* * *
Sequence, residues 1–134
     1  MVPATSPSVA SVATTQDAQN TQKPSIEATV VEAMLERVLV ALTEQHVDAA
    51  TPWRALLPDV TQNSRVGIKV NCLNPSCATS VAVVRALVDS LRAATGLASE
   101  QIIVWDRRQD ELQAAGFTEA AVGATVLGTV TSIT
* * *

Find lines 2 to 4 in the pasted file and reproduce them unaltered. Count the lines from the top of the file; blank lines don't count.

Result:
     1  MVPATSPSVA SVATTQDAQN TQKPSIEATV VEAMLERVLV ALTEQHVDAA
    51  TPWRALLPDV TQNSRVGIKV NCLNPSCATS VAVVRALVDS LRAATGLASE
   101  QIIVWDRRQD ELQAAGFTEA AVGATVLGTV TSIT